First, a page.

Burien theatre to use old Staples building; Lawmakers discuss placement of pot facilities
By Eric Mathison
Before Burien lawmakers moved on to the thorny issue of zoning for marijuana-related businesses on Jan. 27, they received the good news that Burien Actor’s Theater (BAT) has found a new home for its next production.
Interim City Manager Craig Knutson announced the group will use the old Staples building near Southwest 150th Street and 6th Avenue Southwest for its upcoming comedy, “Noises Off,” set to begin Feb. 21 and run through March 23.
BAT Managing Director Maggie Larrick said on Tuesday, Jan. 28 that there may still be some issues to be worked out concerning fire regulations.
Finding a suitable venue for “Noises Off” was challenging because the production requires a two-story set that rotates, according to Larrick.
City Manager Knutson also announced that the portion of the Burien Annex damaged in an arson fire will be repaired in time to house BAT’s production following“Noises Off.” The area damaged is used by BAT and the Hi-Liners.
Knutson noted the repair costs will be covered by the city’s insurance.
In 2008, the city completed a master plan that called for replacing the community center annex with a 66,000 square-foot multi-purpose recreation facility. At that time, lawmakers decided to put the plan on the back burner because of the economic downturn. Construction of the new center would likely have required voter approval of new taxes through a bond measure.
With the economy improving and questions over repairing the fire-damaged building, council members were set to revisit the master plan at their Jan. 27 study session. However, Knutson asked to have the issue removed from the agenda.
The council members, instead, tackled the controversial issue of where to allow the growing and selling of legalized marijuana in Burien.
In November 2012, Washington voters OK’d Initiative 502 legalizing recreational marijuana under strict regulations. Community development director Chip Davis told council members that 61 percent of Burien voters approved of I-502.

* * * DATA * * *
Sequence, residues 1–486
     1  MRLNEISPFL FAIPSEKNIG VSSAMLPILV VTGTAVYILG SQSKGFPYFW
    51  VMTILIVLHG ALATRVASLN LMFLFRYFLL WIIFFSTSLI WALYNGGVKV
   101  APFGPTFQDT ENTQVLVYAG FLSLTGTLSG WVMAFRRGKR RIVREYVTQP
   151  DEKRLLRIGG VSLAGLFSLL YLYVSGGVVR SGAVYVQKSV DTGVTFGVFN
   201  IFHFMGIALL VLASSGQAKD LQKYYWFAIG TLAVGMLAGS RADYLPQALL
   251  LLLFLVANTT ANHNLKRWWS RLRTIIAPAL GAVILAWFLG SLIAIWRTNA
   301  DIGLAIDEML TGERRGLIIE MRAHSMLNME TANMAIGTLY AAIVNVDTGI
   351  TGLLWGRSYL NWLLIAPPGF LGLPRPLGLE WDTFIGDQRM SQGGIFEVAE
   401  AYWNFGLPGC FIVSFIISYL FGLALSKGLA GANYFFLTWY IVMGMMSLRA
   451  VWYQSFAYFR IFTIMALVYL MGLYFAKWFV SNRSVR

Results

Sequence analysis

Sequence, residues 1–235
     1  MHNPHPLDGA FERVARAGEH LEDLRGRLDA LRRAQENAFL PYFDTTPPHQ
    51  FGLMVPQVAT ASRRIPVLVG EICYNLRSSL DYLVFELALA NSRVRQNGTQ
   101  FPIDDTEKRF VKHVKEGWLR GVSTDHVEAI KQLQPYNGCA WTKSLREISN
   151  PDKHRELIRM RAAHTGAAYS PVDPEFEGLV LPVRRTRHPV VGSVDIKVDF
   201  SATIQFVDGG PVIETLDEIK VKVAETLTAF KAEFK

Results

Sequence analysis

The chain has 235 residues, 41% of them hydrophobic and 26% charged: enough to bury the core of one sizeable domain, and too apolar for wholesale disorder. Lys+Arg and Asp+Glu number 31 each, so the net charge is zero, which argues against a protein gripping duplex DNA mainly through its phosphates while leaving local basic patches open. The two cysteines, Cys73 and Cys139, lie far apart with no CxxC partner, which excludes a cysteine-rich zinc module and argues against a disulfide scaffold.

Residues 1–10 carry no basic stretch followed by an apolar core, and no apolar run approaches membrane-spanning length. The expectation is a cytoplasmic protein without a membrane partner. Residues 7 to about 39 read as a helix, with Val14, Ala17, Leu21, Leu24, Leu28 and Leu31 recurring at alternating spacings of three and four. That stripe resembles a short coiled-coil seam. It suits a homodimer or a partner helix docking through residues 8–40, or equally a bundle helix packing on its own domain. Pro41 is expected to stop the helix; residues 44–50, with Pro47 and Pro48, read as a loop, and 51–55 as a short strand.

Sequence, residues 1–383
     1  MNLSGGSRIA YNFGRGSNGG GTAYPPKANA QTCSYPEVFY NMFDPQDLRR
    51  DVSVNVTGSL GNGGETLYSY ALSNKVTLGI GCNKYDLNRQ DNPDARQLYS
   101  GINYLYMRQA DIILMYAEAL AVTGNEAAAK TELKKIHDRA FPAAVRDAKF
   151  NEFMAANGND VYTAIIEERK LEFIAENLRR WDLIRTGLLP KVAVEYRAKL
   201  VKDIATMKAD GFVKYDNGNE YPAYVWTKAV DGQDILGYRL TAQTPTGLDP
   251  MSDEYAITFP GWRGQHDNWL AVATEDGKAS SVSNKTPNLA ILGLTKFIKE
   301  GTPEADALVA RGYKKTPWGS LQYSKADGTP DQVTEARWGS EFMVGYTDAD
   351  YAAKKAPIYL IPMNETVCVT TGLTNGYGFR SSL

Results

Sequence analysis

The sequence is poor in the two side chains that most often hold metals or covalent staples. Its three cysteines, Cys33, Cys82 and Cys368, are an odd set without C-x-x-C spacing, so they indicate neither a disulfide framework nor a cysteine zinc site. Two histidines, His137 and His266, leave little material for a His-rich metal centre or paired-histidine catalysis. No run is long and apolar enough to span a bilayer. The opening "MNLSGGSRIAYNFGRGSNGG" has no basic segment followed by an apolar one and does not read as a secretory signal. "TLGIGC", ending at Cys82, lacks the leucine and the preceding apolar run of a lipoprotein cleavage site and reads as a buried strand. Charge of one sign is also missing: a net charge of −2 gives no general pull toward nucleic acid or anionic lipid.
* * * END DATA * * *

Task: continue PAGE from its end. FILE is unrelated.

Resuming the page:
The previous council OK’d Aug. 19 a 6-month interim zoning ordinance.
Davis offered the same regulations for a permanent ordinance.
Under the proposed regulations, state licensed producers (growers) and processors would only be allowed in industrial or airport industrial (Northeast Redevelopment Area) zones.
Retailers would be limited to commercial zones.
However, all pot-related businesses would not be allowed within 1,000 feet of elementary or secondary schools, recreation centers, playgrounds, child care facilities, parks, public transit centers, libraries or game arcades that admit youth under 21.
On a map accompanying Davis’ presentation that left only a narrow strip between approximately South 140th Street and South 152nd Street near Des Moines Memorial Drive for growing operations. Production would have to be take place inside a structure.
The largest allowable area for retail stores would be along First Avenue South from approximately 140th Street and 148th Street, an area Councilman Gerald Robison identified as “auto dealerships and Fred Meyer.”
Smaller areas around South 112th Street and 8th Avenue South, Southwest 116th Street and Ambaum Boulevard Southwest and Southwest 160th Street and State Route 509 were also indicated.
Robison urged council members to move ahead with the regulations. He said the issue reminded him of the controversy over zoning regulations for adult businesses in Burien about 14 years ago. He said there was a lot of “fuss” but not much came of it.
Bur newly elected council members Steve Armstrong and Debi Wagner said they had concerns about security and lowering property values.
Knutson countered, “Police are concerned but not overly concerned.” He added that local police have experience dealing with the nine medical marijuana businesses in White Center.
Armstrong said the pot facilities could discourage other businesses from locating nearby.
Several residents along South 140th Street between 8th Avenue South and Des Moines Memorial Drive spoke against allowing growing operations in their neighborhood.
Knutson told lawmakers he would bring back a couple of different options at the council’s Feb. 3 meeting where the council is expected to vote on the final requirements.